Like several cases we have seen over the years, North Carolina resident Felicia Gibson was arrested for video recording a traffic stop from her front yard.
Salisbury Police Sgt. Mark Hunter even went as far as chasing Gibson inside her home where he arrested her for resisting arrest.
And when Gibson took the case to trial, Judge Beth Dixon further pissed on the Constitution by convicting her.
The story struck such a nerve with me that I launched an online drive to derail her re-election campaign in 2010, which included several blog posts, localized online ads as well as a Facebook page that still ranks in the top three when you Google “Judge Beth Dixon.”
The PINAC Wrath was so strong that she was forced to delete her campaign Facebook page as I wrote back then:
An onslaught of criticism on that page, much of it from Photography is Not a Crime readers, forced her to delete the page entirely on Tuesday.
At first she tried to keep up with the comments by deleting them every few hours. Then she tried to disable comments to her wall.
But that still allowed comments on her previous posts.
Finally, she just deleted the page altogether – exactly 24 hours after I launched the Defeat Beth Dixon on Rowan County District Court Judge Facebook page – and 11 days after she convicted Felicia Gibson for resisting arrest.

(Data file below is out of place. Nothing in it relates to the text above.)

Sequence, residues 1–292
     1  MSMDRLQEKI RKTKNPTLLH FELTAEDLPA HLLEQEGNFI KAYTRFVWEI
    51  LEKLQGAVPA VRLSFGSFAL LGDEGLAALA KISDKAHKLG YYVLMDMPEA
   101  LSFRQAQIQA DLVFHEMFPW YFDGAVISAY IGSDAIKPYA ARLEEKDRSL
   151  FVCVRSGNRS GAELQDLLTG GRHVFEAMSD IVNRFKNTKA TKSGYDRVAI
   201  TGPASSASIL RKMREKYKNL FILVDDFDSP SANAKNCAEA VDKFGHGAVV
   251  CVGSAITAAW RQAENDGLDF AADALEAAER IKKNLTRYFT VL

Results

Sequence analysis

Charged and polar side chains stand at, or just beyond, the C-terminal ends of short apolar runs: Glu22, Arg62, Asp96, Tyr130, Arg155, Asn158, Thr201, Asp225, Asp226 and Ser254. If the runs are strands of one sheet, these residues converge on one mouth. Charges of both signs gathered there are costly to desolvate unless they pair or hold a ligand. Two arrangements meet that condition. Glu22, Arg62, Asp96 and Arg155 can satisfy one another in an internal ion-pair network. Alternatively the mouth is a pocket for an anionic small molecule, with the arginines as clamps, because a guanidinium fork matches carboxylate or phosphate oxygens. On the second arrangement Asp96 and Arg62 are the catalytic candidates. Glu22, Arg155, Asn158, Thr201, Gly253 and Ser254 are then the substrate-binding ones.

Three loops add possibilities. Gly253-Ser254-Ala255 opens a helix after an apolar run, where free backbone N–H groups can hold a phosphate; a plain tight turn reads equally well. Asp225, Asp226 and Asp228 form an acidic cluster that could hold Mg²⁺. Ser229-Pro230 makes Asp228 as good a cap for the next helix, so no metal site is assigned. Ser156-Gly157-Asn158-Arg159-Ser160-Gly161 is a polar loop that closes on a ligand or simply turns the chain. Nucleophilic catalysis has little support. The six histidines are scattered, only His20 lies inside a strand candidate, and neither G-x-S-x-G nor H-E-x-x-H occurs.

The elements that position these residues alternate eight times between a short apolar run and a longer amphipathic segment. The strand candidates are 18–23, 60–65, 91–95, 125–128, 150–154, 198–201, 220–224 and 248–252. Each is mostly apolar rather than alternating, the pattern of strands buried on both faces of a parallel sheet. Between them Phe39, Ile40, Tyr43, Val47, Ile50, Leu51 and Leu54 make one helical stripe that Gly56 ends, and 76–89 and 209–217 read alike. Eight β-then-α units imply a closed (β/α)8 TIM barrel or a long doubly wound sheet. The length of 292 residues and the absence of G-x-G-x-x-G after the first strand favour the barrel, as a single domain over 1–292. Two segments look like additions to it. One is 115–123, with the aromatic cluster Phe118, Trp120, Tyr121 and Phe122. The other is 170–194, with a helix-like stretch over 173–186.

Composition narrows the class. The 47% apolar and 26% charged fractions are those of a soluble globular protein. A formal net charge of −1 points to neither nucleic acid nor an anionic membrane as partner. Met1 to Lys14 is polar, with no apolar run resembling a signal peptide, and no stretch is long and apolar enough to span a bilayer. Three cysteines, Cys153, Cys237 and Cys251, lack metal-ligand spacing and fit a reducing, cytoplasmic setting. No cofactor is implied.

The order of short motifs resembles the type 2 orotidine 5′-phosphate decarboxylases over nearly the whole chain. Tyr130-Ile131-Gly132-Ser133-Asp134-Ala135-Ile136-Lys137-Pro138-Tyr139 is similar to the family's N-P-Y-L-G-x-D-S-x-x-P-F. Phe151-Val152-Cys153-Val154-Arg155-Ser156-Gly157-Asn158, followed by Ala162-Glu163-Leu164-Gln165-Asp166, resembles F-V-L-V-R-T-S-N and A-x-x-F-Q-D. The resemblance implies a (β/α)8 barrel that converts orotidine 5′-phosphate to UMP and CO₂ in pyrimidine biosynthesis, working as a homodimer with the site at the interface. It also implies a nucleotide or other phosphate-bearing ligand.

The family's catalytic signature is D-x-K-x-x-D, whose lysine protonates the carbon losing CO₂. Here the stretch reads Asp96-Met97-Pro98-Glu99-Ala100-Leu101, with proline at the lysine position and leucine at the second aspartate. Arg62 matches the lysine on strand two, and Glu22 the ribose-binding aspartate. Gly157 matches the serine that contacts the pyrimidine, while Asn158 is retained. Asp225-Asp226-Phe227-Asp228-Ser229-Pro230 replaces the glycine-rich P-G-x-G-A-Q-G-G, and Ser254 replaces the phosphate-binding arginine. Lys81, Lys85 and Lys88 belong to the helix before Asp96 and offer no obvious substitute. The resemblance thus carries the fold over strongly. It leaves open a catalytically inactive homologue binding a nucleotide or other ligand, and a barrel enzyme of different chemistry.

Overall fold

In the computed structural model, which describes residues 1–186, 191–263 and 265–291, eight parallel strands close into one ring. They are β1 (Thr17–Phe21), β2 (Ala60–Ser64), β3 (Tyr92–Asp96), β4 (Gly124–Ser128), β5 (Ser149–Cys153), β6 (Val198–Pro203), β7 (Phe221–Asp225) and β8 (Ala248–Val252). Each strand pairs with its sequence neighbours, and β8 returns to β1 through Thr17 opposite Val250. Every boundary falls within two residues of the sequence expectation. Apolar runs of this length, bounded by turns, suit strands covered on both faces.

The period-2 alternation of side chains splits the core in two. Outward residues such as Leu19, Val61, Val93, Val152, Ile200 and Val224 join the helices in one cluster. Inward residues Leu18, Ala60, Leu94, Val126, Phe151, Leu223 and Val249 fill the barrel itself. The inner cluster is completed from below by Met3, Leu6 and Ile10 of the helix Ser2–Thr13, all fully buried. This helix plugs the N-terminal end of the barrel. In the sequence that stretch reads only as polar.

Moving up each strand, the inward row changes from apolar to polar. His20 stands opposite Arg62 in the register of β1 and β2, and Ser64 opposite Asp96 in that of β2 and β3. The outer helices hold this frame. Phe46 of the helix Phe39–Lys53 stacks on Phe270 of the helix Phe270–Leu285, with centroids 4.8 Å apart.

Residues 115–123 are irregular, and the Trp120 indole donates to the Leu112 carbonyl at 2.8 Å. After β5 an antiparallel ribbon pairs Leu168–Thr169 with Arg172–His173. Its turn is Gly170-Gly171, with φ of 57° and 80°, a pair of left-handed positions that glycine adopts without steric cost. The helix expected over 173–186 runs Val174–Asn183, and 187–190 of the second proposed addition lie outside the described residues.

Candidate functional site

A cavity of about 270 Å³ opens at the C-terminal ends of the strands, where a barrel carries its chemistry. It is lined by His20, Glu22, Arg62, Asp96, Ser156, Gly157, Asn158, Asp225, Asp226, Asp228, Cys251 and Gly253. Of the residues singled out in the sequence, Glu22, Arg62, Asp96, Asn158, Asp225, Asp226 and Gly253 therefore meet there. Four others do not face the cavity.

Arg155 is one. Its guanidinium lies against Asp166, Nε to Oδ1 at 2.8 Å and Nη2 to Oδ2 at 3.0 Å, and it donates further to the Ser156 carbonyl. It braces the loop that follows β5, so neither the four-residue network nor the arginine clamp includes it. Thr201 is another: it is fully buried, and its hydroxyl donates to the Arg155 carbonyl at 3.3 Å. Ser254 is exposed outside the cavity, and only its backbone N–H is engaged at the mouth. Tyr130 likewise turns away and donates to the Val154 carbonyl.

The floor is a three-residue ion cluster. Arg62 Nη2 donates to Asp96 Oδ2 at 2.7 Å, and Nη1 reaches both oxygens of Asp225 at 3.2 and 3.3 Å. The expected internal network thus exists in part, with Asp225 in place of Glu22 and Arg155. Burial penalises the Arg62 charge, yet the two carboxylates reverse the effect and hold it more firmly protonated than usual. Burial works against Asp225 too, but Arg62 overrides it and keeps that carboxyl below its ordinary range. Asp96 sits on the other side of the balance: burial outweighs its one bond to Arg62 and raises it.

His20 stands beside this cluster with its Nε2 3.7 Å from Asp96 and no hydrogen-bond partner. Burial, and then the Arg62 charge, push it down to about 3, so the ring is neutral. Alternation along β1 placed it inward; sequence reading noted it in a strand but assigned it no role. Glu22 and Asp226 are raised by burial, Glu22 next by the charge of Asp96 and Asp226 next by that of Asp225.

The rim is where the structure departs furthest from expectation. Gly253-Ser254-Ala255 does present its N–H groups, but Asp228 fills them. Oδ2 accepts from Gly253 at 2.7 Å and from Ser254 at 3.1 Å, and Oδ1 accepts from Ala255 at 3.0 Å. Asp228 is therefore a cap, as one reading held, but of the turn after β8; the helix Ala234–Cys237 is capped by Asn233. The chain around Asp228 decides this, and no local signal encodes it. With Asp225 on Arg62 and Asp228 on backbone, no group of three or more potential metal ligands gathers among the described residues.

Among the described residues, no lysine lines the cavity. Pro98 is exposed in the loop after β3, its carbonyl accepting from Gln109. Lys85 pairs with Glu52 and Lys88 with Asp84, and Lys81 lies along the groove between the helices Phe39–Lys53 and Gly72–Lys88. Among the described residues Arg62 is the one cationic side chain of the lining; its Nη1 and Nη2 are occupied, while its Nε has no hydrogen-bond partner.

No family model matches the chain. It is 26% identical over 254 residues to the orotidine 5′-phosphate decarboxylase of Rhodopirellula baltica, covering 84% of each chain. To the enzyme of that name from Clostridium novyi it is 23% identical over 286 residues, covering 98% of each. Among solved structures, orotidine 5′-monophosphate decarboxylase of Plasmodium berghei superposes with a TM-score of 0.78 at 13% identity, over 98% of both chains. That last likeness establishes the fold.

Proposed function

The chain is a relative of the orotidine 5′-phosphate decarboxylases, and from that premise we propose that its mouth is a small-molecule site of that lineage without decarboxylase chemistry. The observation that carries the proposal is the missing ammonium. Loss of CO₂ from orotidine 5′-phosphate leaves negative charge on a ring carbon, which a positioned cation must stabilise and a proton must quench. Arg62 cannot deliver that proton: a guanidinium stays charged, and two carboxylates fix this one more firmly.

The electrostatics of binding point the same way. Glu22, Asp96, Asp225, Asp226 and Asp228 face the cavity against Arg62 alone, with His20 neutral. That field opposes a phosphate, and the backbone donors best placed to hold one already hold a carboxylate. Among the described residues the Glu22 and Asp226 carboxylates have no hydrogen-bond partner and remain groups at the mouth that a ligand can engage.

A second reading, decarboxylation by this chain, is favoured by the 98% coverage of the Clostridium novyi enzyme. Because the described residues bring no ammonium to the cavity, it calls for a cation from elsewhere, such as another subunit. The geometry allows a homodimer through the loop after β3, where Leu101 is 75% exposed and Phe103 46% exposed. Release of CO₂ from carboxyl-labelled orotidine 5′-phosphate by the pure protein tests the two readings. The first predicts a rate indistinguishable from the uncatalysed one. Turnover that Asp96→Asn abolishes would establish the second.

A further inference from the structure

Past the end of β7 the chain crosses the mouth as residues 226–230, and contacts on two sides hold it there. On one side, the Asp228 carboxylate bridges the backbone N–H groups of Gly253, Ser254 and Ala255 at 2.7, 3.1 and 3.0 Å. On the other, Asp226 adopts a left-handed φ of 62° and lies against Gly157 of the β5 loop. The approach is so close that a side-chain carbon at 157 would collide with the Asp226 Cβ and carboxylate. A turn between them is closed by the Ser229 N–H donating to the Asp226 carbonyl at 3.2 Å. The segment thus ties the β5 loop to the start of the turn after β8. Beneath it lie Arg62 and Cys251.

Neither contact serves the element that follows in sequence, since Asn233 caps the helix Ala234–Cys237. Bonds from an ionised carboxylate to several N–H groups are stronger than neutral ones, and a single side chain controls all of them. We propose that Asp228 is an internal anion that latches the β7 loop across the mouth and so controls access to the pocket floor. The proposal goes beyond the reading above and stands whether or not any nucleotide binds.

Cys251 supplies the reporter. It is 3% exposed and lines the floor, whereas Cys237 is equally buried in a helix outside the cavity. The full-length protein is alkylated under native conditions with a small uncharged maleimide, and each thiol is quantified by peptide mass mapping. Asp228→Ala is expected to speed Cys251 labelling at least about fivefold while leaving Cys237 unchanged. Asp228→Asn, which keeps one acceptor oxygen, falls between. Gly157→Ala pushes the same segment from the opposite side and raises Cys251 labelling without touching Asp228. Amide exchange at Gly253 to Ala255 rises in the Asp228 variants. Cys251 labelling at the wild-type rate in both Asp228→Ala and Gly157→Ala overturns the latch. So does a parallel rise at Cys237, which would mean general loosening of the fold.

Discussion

My efforts failed as Dixon was reelected anyway.
Story continues below... really.
But late last year, Gibson redeemed herself by winning a $25,000 settlement after she had her conviction reversed upon appeal.
The story was reported last month in the Salisbury Post:
Rowan District Court Judge Beth Dixon convicted Gibson of resisting an officer in 2010, saying she had interfered with Hunter’s ability to do his job. That conviction was erased in January in superior court.
“After a thorough review of the evidence and relevant case law and after considering the circumstances surrounding the civil settlement between the Salisbury Police Department and the Defendant, the State is dismissing this charge in the interests of justice,” a dismissal notice signed by prosecutor Seth Banks said.
The only unfortunate thing is that Dixon and Hunter are not forced to foot the costs of the settlement.